Skip to content

“If we no longer force people to work to meet their basic needs, won’t they stop working?”

Scott Santens
Scott Santens
8 min read
“If we no longer force people to work to meet their basic needs, won’t they stop working?”

Acknowledging our one option society

What underlies a question like this is that it’s okay to force people to work by withholding what they need to live, in order to force them to work for us. And at the same time, because they are forced, we don’t even pay them enough to meet their basic needs that we are withholding to force them to work.

What is a good word to describe this?

Now, what if we no longer withheld access to basic resources to meet fundamental shared basic needs? What if work in the labor market was then fully voluntary?

What if we could no longer force people to work for low wages? Maybe wages would go up? Maybe productivity would go up? Maybe the automation of human labor with technology would be accelerated?

We could find the answers to these questions. We already know from experiments what they are likely to be. Until universal basic income is policy though, we won’t know for sure, and we will continue forcing each other to work by withholding food and shelter from each other.

So what’s one belief that seems to be a major stumbling block in keeping people from more readily accepting the idea of paying everyone a basic income, in addition to the importance of it?

We all have three choices:

  1. Work for others
  2. Work for ourselves
  3. Do zero work

If you believe option 2 exists, you might believe there’s no need for basic income and that it’ll only enable option 3.

I don’t believe option 2 actually exists yet, but that it needs to, and can with basic income.

Why don’t I believe option 2 exists?

Can everyone actually just work for themselves? Doesn’t this require some form of starting capital? What if none exists? What if the education doesn’t exist? What if there are barriers to entry? What if competition at the top actively prevents this? What’s the percentage of the population that actually has option 2 in practice and not just in theory?

Regarding option 3, is this truly an option as well? Let’s take being homeless for example. Let’s say someone chooses to be homeless because they don’t want to do any work. They sleep under bridges and eat out of dumpsters in order to avoid any work. Is there really no work involved here? This seems like it can involve a lot of work. Finding food in dumpsters can take hours of work, and finding places to sleep can take hours of work, and also involve moving frequently from place to place. It seems to me that homelessness can be exhausting.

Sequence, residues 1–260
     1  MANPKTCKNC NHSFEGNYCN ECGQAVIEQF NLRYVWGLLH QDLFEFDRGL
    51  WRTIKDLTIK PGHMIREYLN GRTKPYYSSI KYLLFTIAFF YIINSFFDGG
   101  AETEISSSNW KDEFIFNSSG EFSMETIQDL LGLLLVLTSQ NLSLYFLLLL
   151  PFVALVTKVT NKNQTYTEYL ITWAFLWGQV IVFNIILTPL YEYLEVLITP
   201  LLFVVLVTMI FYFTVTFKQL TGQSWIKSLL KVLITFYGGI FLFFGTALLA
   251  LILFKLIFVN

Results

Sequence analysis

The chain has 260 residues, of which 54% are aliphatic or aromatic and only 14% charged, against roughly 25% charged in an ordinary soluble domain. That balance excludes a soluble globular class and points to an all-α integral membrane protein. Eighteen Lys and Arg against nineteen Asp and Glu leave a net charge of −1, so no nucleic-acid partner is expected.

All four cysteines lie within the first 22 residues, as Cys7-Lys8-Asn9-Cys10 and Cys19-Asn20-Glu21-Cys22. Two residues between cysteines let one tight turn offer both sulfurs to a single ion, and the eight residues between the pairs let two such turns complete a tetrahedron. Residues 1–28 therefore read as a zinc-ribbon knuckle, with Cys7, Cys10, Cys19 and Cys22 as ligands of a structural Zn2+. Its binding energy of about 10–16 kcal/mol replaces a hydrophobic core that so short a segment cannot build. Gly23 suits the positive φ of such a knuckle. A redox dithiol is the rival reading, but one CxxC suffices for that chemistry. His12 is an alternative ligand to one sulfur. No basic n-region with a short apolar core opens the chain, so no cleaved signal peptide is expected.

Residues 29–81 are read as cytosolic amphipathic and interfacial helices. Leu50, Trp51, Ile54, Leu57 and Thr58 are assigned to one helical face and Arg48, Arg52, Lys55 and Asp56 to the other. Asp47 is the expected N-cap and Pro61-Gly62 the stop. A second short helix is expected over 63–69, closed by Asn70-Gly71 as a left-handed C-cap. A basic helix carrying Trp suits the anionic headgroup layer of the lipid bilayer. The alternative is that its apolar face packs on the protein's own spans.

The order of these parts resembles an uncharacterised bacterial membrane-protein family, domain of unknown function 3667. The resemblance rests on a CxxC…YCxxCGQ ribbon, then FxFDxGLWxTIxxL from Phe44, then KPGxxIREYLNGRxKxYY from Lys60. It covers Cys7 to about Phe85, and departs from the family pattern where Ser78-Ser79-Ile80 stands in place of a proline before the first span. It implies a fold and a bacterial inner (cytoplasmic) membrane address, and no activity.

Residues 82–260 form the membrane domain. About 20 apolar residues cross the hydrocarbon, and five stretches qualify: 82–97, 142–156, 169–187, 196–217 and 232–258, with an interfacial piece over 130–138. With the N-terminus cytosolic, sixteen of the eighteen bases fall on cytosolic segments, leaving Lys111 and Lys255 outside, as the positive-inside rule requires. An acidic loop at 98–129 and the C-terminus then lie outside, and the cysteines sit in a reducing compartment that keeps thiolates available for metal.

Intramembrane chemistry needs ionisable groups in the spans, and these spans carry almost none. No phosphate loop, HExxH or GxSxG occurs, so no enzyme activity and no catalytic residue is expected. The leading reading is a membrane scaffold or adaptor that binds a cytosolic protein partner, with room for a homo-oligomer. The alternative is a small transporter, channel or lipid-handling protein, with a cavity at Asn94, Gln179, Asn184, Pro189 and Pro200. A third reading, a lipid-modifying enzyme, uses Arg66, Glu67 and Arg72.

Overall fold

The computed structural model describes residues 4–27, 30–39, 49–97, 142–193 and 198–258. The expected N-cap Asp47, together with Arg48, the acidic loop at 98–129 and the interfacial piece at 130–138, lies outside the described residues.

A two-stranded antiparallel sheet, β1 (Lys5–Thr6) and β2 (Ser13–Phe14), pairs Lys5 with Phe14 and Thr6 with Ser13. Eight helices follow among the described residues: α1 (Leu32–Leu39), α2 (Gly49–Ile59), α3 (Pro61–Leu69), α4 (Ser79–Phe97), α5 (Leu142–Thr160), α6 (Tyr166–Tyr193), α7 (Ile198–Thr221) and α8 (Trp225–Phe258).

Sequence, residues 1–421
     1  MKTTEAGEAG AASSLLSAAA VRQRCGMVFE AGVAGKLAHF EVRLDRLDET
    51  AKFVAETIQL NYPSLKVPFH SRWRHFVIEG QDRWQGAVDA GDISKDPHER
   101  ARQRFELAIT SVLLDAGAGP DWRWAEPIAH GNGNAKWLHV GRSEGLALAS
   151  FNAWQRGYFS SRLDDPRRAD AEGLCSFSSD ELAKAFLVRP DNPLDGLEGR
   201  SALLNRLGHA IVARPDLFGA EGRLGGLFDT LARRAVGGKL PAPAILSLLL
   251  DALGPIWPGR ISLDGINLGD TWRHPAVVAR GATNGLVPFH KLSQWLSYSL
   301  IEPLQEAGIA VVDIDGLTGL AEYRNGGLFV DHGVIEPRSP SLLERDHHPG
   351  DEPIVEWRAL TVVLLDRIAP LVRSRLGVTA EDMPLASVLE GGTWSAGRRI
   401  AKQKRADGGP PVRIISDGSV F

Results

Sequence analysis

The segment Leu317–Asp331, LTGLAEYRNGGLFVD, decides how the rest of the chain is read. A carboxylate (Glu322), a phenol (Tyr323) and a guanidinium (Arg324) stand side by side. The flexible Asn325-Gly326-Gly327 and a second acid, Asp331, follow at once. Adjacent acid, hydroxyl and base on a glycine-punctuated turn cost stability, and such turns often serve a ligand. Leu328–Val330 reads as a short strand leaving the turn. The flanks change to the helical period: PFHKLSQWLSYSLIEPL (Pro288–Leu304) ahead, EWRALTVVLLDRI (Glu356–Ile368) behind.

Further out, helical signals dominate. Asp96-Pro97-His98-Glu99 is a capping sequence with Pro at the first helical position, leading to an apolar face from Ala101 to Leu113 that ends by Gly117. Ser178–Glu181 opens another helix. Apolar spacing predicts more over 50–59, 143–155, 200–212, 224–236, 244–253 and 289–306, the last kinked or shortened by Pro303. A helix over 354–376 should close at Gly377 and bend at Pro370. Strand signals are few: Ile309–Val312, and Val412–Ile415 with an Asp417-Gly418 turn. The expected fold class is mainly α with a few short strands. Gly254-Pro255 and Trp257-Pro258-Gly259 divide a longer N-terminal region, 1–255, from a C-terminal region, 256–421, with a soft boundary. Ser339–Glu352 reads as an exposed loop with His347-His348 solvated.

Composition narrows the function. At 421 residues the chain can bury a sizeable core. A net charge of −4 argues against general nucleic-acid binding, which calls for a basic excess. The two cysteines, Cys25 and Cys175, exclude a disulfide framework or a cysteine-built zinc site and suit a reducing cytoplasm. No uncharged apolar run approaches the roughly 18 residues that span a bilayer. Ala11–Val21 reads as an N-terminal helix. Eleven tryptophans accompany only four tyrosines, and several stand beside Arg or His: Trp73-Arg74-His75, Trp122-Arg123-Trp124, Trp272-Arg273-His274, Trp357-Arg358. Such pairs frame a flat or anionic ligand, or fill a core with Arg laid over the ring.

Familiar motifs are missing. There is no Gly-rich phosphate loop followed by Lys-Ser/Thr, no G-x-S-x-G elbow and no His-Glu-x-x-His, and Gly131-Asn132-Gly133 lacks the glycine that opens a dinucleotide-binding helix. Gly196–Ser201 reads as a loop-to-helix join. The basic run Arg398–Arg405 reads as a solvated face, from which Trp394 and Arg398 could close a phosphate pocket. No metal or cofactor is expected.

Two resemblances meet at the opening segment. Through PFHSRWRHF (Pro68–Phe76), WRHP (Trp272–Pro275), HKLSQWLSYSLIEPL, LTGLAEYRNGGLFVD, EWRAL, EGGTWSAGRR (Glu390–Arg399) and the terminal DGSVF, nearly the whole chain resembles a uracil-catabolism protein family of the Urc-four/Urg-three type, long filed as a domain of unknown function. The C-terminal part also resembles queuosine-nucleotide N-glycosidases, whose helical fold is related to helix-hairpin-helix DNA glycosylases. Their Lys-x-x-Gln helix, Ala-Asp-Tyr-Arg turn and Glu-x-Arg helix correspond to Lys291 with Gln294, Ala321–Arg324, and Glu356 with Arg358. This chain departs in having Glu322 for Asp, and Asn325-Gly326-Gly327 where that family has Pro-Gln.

Then there are the laws. Here in my town, we like to tear down homeless camps. This happens in lots of other places too. Being homeless is not allowed. There also exist laws against dumpster diving and companies even will do stuff to tossed food to actively prevent people from being able to eat it. We put up homeless spikes, and toss homeless people in jails. I think the best example though is this one, where a guy was not even allowed to exist on his own in the middle of nowhere. He was shot and killed.

So no, I just don’t think we really allow any options except for option 1.

We are a one option society. Work for others, or else.

That is our system as constructed. Those who can work for themselves must first work enough for others, and those who wish to do no work must first work for others, or be born to parents that make it and option 2 possible without any working for others.

How can we make it possible for option 2 to actually exist?

My favorite story is Garrison Frazier. It’s a story I first learned about from Karl Widerquist, and included in this article. He was a freed slave and chosen as the spokesperson for other freed slaves. He was asked about slavery and how he could be truly free from ever being enslaved again.

Slavery is, receiving by irresistible power the work of another man, and not by his consent. The freedom, as I understand it, promised by the proclamation, is taking us from under the yoke of bondage, and placing us where we could reap the fruit of our own labor, take care of ourselves and assist the Government in maintaining our freedom… The way we can best take care of ourselves is to have land, and turn it and till it by our own labor…”

This is to say that without owning a minimum amount of land, it is not possible to truly live by your own labor. One must have this ability in order to not be forced to work for others. If you can’t grow your own food or build your own house, you can’t live by your own hands. This option must exist. But does it make any sense in this day and age to give everyone land? How would we even accomplish this? How would it be universal and equal in quantity and quality? What if some land didn’t grow food? How would this work in cities where our markets have created the dense populations of labor required for them to exist?

Universal basic income is how we can accomplish what universal land would accomplish, in a far more efficient, flexible, and equitable way. By giving everyone enough cash to purchase food and shelter, we meet the requirements needed for option 2 to exist.

And yes, we also then meet the requirements for option 3 to exist. But really how different is it from option 2 anyway? If everyone got enough land to be free, and they refused to work for others, they would have to either work it or die. In the same way, if someone gets a basic income and refuses to use it to buy food and shelter, they will die. But seriously, how many people refuse to eat and don’t want shelter? Are we not deluding ourselves when we think that the only reason people eat right now, is because we are limiting their choices with food stamps, or that drug addicts somehow don’t eat? Everyone needs to eat. It’s a basic need.